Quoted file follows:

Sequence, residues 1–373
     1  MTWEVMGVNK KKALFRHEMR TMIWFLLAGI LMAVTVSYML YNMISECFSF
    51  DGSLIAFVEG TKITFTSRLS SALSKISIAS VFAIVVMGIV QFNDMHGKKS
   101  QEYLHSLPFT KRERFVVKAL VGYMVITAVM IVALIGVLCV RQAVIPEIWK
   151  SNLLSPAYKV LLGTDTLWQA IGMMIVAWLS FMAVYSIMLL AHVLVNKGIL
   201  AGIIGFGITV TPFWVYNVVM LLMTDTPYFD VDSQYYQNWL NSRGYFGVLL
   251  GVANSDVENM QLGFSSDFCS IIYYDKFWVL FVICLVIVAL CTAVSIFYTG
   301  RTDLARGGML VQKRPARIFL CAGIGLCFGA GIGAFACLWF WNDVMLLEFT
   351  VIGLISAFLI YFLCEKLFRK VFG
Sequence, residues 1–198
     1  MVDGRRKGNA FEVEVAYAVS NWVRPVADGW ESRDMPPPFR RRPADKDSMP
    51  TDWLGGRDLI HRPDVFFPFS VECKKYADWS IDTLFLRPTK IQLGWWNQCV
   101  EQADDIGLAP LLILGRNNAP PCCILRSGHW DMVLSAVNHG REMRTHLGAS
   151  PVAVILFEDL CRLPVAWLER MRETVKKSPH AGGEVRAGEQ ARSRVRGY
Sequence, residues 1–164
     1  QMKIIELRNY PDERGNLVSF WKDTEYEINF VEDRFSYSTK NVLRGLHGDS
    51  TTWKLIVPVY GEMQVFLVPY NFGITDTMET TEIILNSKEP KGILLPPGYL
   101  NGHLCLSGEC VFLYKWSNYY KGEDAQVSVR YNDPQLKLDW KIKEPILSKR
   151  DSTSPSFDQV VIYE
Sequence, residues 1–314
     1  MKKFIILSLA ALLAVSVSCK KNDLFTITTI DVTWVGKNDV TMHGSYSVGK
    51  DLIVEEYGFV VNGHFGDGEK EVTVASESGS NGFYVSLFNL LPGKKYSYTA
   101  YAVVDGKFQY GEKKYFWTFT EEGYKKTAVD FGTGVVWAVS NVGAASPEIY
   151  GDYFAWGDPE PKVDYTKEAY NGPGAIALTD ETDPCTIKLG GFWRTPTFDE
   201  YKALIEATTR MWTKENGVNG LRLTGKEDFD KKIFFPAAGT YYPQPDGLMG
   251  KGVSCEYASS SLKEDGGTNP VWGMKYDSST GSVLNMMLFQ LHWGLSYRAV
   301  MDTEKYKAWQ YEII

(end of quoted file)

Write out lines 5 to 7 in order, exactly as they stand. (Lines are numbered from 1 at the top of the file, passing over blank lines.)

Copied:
   151  SNLLSPAYKV LLGTDTLWQA IGMMIVAWLS FMAVYSIMLL AHVLVNKGIL
   201  AGIIGFGITV TPFWVYNVVM LLMTDTPYFD VDSQYYQNWL NSRGYFGVLL
   251  GVANSDVENM QLGFSSDFCS IIYYDKFWVL FVICLVIVAL CTAVSIFYTG